My Florence Nightingales- The Nurse

May 9, 2010 at 11:26 pm 9 comments


May 12th finds the end of Nurse’s Week and is the birthday of the most famous of nurses – Florence Nightingale – Unfortunately for 18 months I got to know the ways of the nurse very well. Some were male and some were female, some were very young and beautiful and some were care worn and had an inner beauty . Some were practical, businesslike and clinical and some were gracious, empathic and went above and beyond. All of them went along with us on our terrible journey without a happy conclusion.

https://thatwoman.wordpress.com/2009/12/07/my-only-son-chris-ritchey/

I don’t know or can’t recall their names as my brain, in those last two weeks especially, wasn’t functioning or retaining well the niceties of introductions. They were a life -line for me and for my son. Some were careful to explain what was happening in language I could understand as medical terms were bandied about the room. Some just held my hand or told me with a “look” if things were good or not so good as the Dr’s gathered each morning ALL with their latest theory .

( I am not sure I like the way of “Diagnosis by Committee- the Democracy of Doctors) “ each Dr. taking a pieces part— more on that later)

There is one Cleveland Clinic nurse that stands out among all the rest for me. I can’t remember her full name or title- She was an ICU nurse- She was my particular life-line. I would breathe a sigh or relief when I saw her lovely compassionate face report for duty as my son’s nurse. She anticipated his needs and mine- her soft brown eyes full of caring – her voice gentle and loving – but she was also incredibly efficient and had a strength to her tone. I was always relieved and comforted when she was his nurse- he was too.

My son was moved to another ICU where he passed away – I remember another nurse there , young and attractive ( one my son would have appreciated in another time 🙂 ) those final hours she spent with me were filled with a non reality. I remember her face as she hugged me as my son was taken off the vent – I spent hours with her but I in my disbelief of what was happening in my world – I didn’t thank her . I wanted to but my shock and sheer disbelief of the nightmare my world turned into left me without function.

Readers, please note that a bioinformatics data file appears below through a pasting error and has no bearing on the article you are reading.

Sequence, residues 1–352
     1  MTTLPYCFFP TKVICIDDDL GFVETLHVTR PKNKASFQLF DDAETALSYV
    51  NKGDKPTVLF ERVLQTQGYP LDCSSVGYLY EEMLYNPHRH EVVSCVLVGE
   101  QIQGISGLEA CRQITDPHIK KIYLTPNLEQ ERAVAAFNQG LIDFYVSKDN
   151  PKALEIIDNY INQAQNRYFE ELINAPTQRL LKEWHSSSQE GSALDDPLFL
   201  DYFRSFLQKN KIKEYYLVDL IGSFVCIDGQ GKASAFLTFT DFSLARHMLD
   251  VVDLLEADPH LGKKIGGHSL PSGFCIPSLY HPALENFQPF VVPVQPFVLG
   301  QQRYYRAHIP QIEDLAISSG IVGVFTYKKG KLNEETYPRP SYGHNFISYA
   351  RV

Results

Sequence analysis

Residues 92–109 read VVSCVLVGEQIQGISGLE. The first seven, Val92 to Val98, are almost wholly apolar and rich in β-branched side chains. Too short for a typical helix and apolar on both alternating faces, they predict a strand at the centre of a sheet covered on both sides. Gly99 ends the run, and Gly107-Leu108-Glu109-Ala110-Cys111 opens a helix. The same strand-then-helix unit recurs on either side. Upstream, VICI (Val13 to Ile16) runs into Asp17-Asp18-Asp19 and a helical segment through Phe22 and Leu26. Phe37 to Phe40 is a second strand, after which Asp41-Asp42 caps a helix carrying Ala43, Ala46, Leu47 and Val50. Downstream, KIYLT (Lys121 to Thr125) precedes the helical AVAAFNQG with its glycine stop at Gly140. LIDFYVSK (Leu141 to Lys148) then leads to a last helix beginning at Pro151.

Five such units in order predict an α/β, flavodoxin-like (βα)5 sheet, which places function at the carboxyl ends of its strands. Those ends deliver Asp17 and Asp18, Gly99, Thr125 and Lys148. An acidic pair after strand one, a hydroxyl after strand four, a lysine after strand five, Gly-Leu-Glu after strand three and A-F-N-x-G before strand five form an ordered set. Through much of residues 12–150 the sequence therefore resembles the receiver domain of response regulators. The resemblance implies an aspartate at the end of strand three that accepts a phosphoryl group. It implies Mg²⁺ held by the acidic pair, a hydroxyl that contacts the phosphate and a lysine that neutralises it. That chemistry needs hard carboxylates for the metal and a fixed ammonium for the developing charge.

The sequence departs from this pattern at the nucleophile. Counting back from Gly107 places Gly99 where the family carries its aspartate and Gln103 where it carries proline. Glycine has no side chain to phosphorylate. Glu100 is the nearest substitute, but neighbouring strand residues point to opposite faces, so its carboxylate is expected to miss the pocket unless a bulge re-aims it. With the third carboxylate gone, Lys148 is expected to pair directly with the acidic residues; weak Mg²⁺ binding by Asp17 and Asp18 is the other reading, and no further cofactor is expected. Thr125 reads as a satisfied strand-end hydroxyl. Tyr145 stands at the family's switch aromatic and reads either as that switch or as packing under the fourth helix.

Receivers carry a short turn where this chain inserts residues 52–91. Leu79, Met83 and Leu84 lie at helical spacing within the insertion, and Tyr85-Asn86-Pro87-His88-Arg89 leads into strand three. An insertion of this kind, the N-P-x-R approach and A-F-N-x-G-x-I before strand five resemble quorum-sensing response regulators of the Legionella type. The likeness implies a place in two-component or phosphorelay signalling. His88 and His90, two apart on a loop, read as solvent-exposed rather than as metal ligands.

How ungrateful are we to those that were so important not through intent but through loss?

To Heidi and to all of my son’s nurses in those last two weeks at the Cleveland Clinic- Neurological ICU and The MICI unit – Thank you for all you tried to do and for being with my son and caring – but

Heidi this thank you is for you – you are to me the epitome of what a Nurse truly should be…. Chris’ Mum – Loraine

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Entry filed under: blogs, Chris Ritchey, commentary, health, Kudos, personal opinion. Tags: .

Mother’s Day – What degree a Mother’s Love and Who Decides? I am SHE!- Who Waits

9 Comments Add your own

  • 1. Lisa  |  May 10, 2010 at 12:03 pm

    Hear, hear!
    Had many a doctor remind me that the nurses run the hospital.
    I hope Heidi sees this post.

  • 2. Loraine Ritchey  |  May 10, 2010 at 12:08 pm

    I sent a printed out copy of it to the CEO of the Cleveland Clinic with a note and which ICU’s were involved and the dates and of course Chris name etc. and asked him to pass it on…. so hopefully she will be told…. I hope so anyway ….she was a bright spot in a dark time…. Loraine

  • 3. dave c  |  May 10, 2010 at 7:53 pm

    I had a similar experience when my mom passed away. With the exception of one of the nurses who was a former student of mine, I could not remember the names either. I hope they realize how important they are.

  • 4. Grammy  |  May 10, 2010 at 9:13 pm

    To digress a moment, thank you Loraine for your helping hand in the planting of the Gabriel Tree.

    Love and hugs,

  • 5. Grammy  |  May 10, 2010 at 9:13 pm

    Hey! I just thought, you have helped a wounded heart, that makes you a super spedial “nurse”.

  • 6. thatwoman  |  May 10, 2010 at 9:34 pm

    Well we have two wounded hearts that helped each other a little I think …Loraine

  • 7. thatwoman  |  May 11, 2010 at 12:01 pm

    Oh Dave I remember your mum so well, she too was a nurse. Such a loving person, I remember sitting one night as we were discussing the effects of dropping the Atom bomb on Japan. I wonder how she would have reacted upon our discovery of Captain Wilford and that particular journey we found ourselves taking.

    My Nana Hines was also a nurse and a loving and gentle lady in times of great terror World War 1 –

  • 8. Hillary  |  May 11, 2010 at 11:17 pm

    As a former ICU Nurse, I always thought if my name was forgotten, I’d probably done my job right. A good nurse knows these moments are about supporting patients and families. Congratulations on finding the strength to thank them. It’s a hard step to take. It’s admitting that the events really happened.

  • 9. The Language of Hands « That Woman’s Weblog  |  August 15, 2010 at 11:30 pm

    […] then in those final days when his voice was taken from him a thumbs up to the nurses, or a thumbs down was his only means of communication to tell them of his condition. His smile and […]

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